Trust in e-government necessitates trust in government. Improving accountability and transparency is a priority to improve citizens’ perceptions of government. Selecting the right business partner in the E-government sector is a crucial factor for users’ trust agreement. To be able to have the best possible online government transaction outcomes. In order to build a government-citizen partnership.
For instance, citizens’ trust in government decisions has been damaged after the financial crisis and the bailout of Cyprus in 2013. that impact the E-government adaption and make it hard for the government to persuade citizens to utilize the E-government services.
As the lack of trust can stop citizens from taking the benefits of e-government service. The increased trust would assist the governments in dealing with other challenges such as “change resistance” and privacy and security concerns.

Information Security

Information security is ensured using a variety of systems that adhere to the security policy. Information privacy is protected by software mechanisms that ensure that only the owner of the information or official entities with the authority to obtain or access the information have access to it.
The implementation of e-government is heavily reliant on two major factors: trust and security. Governments should start building e-networks with privacy and confidentiality protections in place, ensuring the protection of personal and financial data collected and increasing people’s trust.
Lack of security and privacy are considered as key concerns that must be resolved in e-government to fulfill users’ standards. Any assurances from the government on matters of information security and privacy would be insufficient unless these technical challenges are resolved, and processes become more transparent. Users of e-government systems will decrease as a result of security breaches, a lack of defense against fraud and cyber-attacks, and the interception of sensitive information.
People in Ghana do not find online payment secure enough due to connection failures, sluggish Internet, frequent equipment breakdowns, and a lack of confidence in payment security, so they are reluctant to provide sensitive personal details. that makes the E-government service does not utilize enough.

ICTs infrastructure

One of the most significant challenges in E-Government is ICT infrastructure. Improving citizens’ confidence in government through a stronger and more advanced ICT infrastructure is crucial to growing their ability to use online services.
For instance, in 2007, the Qatar government made free wireless internet access in public parks to increase the accessibility of e-government services and user participation. In a great initiative and respected step to reduce the impact of infrastructure unavailability. The Indian government developed a Common Service Center (CSC) in rural areas to provide e-government services to people in a single physical location, resulting in increased e-government service use, improved citizen service, and lower travel costs.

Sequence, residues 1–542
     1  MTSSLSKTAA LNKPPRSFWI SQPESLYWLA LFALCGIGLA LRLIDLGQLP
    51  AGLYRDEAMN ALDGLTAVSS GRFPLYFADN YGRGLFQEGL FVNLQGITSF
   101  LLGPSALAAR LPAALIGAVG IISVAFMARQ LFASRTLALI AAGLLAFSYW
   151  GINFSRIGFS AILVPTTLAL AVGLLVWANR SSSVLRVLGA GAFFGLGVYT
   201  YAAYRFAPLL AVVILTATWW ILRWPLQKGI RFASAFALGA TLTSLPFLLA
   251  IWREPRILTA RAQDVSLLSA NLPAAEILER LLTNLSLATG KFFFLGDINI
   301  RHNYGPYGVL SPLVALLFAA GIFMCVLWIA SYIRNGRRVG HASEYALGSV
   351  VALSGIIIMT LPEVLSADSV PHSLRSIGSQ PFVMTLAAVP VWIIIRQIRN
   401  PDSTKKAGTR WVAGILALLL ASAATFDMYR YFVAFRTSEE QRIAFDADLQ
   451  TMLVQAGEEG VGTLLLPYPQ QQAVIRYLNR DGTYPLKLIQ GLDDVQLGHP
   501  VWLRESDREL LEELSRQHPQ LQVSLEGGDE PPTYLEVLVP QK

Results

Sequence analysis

In general, all infrastructure aspects are considered as factors that can either support or impede the smooth implementation of e-projects. Residents can be hesitant to use e-government services due to a lack of necessary infrastructures such as electricity and basic amenities.

Digital divide

The so-called digital divide refers to citizens’ unequal access to ICT and their lack of the skills and expertise required to use it. The variance in access to and use of e-government among different population groups is a source of concern for governments and a challenge. With the growing availability of a variety of e-government services, there is growing debate about why certain citizens use some e-government functions and others cannot.
Early adopters of any technical revolution have a few things in common: they’re young, educated, and have higher incomes. People with higher incomes and education are more confident in their ability to understand how government functions and engage effectively.
Governments must bridge the digital divide such that all people access the same quality of government information and services. To reduce the digital divide between rural and urban communities by introducing technical advances in rural areas.

Conclusion

In developing countries, including those in special circumstances, some concerns are particularly urgent or essential. These incorporate absences of digital infrastructures sustained e-government platforms and restricted resources for adopting digital government policies. Although e-government has progressed to a point of maturity in some developed countries, going digital is still relatively new on some countries’ national agendas.
Among the most challenges identified in this article, trust is one of the most critical aspects of implementing e-government initiatives. Trust is how people connect and establish a positive relationship. Therefore, citizens cannot participate in the e-government process without trust.
References
[1]: https://sdgs.un.org/2030agenda
[2]: https://www.un-ilibrary.org/content/books/9789210051453